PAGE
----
Interview: Francesca Panetta Of The Hackney Podcast

By M@ Last edited 175 months ago

Last Updated 08 October 2009

Interview: Francesca Panetta Of The Hackney Podcast

Francesca in action
Once a month, the Hackney Podcast dips into the arts, culture and politics of the borough. The mix is as diverse as the population, with recent features on the Olympics, the Hackney breakfast, and a particularly poetic episode on the area's watery affinities. Presenter and producer Francesca Panetta answers our questions about hyperlocal podcasting.

Could you give us a little background on where the idea for the podcast came from?

We set it up to explore the different sides of Hackney - it's one of Britain's poorest places but culturally one of its richest and most exciting. We wanted to combine local politics, environmental issues and everyday lives with art, literature and music. Part of it is about experimentation - we're professional programme makers and the Hackney Podcast provides a space with no rules, a platform to push the boundaries of traditional programme making. In our Kingsland Road edition and in the latest water-themed edition, we used sound design, environmental recordings, new music, poetry, readings, and commentary to allow residents to hear their neighbourhood in a completely different way.

How difficult was it to set up, and to keep the monthly momentum going?

Technically it’s extremely easy to set up a podcast. For the online bit we use iWeb which has a podcast template that we’ve tinkered with which sends the programmes automatically to iTunes. Creating the audio is also pretty straightforward. We record using our own microphones with hard disc recorders and we edit on a variety of sound editing programmes on our computers at home. Making quality podcasts isn’t expensive or difficult, you just need good microphone technique and a novel way of approaching a subject.

Keeping the momentum going isn’t hard either. Hackney has endless stories and interesting characters to interview. The problem is less material, and more finding time to do it. We could make a weekly programme easily, but we fit it around our full time jobs!

It's beautifully produced, and I know you have a producer's background, but do you use a professional studio to make this?

None of the material is recorded in a studio. It’s part of our philosophy for the podcasts. The programmes are about the borough so all material should have the sound of the area. All “links” (the formal bits of radio shows that tell you where you are and why) are recorded “on location” (ie out and about in the area).

What has been your most rewarding experience putting the podcast together?

It’s always most rewarding talking to everyday people. Stopping people on the street to interview them can be daunting but can lead in to unexpected and interesting conversations. It’s a real opportunity to engage with our local community, ask questions that without a microphone you would never dream of asking. Then there is the sense of real community action, or creating meaningful dialogue, when we manage to take these concerns to the decision makers in the borough and hold them to account as we did with fears of the Ridley Road market traders who wished answers from our Mayor Jules Pipe.

Do you have any plans to expand beyond a local podcast? For example, a community website/forum for Hackney podcast...etc.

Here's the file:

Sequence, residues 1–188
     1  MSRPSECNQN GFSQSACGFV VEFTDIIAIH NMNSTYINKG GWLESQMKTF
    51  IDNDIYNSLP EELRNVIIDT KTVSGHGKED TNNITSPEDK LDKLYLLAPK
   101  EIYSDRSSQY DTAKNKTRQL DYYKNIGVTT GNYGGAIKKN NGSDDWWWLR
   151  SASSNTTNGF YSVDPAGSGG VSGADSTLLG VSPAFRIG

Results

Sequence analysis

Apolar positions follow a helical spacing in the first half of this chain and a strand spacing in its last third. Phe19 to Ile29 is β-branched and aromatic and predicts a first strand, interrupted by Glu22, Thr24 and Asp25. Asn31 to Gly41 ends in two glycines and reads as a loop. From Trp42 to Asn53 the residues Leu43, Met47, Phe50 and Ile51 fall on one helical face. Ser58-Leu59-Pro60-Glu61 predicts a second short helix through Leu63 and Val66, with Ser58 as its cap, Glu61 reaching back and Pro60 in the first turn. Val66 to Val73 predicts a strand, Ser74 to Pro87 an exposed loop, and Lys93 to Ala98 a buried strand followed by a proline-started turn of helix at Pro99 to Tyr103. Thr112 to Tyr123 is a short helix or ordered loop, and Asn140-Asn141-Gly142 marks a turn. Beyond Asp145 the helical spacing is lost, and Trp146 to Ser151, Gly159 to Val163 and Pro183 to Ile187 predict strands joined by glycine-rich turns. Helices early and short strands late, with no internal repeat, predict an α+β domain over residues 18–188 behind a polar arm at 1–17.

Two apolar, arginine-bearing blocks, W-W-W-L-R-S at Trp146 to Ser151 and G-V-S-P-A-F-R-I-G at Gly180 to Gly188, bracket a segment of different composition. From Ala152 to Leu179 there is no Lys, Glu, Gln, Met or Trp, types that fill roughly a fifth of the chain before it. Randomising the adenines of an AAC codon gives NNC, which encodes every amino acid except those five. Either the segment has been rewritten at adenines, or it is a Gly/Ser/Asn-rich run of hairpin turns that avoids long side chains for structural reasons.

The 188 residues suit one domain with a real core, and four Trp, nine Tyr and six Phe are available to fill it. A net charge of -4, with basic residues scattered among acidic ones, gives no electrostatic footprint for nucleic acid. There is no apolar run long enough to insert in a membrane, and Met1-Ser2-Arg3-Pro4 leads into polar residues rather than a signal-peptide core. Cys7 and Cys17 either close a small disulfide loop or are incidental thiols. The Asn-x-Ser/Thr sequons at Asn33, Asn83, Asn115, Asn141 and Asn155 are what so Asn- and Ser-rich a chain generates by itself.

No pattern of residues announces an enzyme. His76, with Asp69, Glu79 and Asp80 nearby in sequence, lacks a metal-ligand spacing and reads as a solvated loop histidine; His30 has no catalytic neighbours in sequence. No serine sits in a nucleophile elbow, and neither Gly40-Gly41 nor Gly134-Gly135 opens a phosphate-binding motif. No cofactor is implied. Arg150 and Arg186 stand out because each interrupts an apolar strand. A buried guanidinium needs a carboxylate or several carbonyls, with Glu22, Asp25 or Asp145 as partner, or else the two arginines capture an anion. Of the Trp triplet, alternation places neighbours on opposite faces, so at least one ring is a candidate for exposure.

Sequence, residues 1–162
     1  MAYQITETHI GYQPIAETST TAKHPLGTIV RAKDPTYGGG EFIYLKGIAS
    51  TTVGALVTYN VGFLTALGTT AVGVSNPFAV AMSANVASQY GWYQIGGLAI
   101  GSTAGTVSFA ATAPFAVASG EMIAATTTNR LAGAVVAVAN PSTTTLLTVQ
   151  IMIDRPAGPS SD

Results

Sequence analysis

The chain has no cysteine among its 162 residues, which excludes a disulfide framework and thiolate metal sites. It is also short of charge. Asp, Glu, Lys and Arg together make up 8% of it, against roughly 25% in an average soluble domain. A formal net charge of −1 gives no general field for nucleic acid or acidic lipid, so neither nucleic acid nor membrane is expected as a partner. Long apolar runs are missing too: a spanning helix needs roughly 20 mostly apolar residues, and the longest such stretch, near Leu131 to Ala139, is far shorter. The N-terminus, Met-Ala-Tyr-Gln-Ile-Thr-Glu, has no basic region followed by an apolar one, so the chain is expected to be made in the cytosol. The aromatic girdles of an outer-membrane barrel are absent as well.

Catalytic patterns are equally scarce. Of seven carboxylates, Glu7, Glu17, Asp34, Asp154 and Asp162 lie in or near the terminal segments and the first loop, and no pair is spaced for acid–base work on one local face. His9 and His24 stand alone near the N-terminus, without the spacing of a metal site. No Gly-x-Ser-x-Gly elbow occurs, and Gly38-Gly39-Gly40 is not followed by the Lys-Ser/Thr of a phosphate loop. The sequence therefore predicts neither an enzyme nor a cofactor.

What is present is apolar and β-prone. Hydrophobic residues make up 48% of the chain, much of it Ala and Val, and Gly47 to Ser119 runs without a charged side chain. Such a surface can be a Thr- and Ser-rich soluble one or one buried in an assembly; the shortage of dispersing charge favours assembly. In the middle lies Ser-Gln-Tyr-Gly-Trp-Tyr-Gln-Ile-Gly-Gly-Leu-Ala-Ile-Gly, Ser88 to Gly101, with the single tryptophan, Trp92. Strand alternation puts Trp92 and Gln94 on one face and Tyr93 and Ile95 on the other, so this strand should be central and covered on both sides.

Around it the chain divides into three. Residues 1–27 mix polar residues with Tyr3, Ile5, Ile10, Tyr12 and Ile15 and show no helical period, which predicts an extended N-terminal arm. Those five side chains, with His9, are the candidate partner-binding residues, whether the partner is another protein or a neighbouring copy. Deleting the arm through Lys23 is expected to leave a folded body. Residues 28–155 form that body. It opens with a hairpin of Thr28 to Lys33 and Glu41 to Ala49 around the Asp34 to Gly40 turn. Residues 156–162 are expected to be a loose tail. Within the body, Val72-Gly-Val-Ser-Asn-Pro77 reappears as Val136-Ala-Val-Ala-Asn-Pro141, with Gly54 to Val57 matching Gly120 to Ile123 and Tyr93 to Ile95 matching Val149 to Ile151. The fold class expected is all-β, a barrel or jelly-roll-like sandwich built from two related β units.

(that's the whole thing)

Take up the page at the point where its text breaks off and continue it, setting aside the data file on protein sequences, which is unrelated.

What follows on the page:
As online local communities grow we’d like to grow too. It could be in the way we collect and produce audio (we’re keen to get more professional radio and podcast producers involved in the programmes) or it could be the kind of content we are generating. Our only criteria is innovative and high quality content.

And geographically, it'd be wonderful to see similar podcasts for the other 31 boroughs. Do you have any plans to expand to other areas? If not, any advice for someone who might be interested in recreating your idea elsewhere?

We’d love to see other boroughs in London creating their own podcasts. In fact we’d like to see a global network of local podcasts. It’s outside our capacity to produce more content at the moment but we’d happily work with other teams. Our main piece of advice is the same advice for any good journalism. What story are you trying to tell and how can you best do that?

Good London podcasts are a rare thing. Can you recommend any others?

Visit London and the Guardian are producing six travel podcasts this autumn which will be insider guides to the capital. The series kicks off next week with a tour around Vyner street’s art scene with Jessica Lack.

Despite all it has to offer, many Londoners will not have been to Hackney. Can you suggest three things in the borough that everyone should visit?

The hide at Hackney’s Waterworks is not just for bird fanatics. It’s a peaceful place to spend an afternoon, peering out at the herons and moorhens (although they claim there is far more exotic birdlife to be found there) and the surrounding Hackney marshes provided vast quantities of blackberries this year.

Hackney Wick’s new impromptu flea market gives you an undercover glimpse of the art scene. I found quite a nice striped teapot there last weekend, it’s also an interesting area for fans of industrial architecture.

We love Cafe Oto, the music programming, its Berlin vibe, and are pleased it’s started to serve food.

And tell us one piece of trivia about the area that not even Iain Sinclair would know.

Studio A at The Premises on Hackney Road is solar-powered

Have you ever been sick on the Tube?

No, there are no tubes in Hackney. Everyone cycles!

The Hackney podcast is produced monthly, and is available via iTunes. The next podcast will go live at the end of October, tackling betting in Hackney (with an interview with mayor Jules Pipe and photographer Stephen Gill), a bat walk around Hackney Marshes, and a London Review of Breakfasts review of the Bruncheon Club, one of the areas 'underground resteraunts'.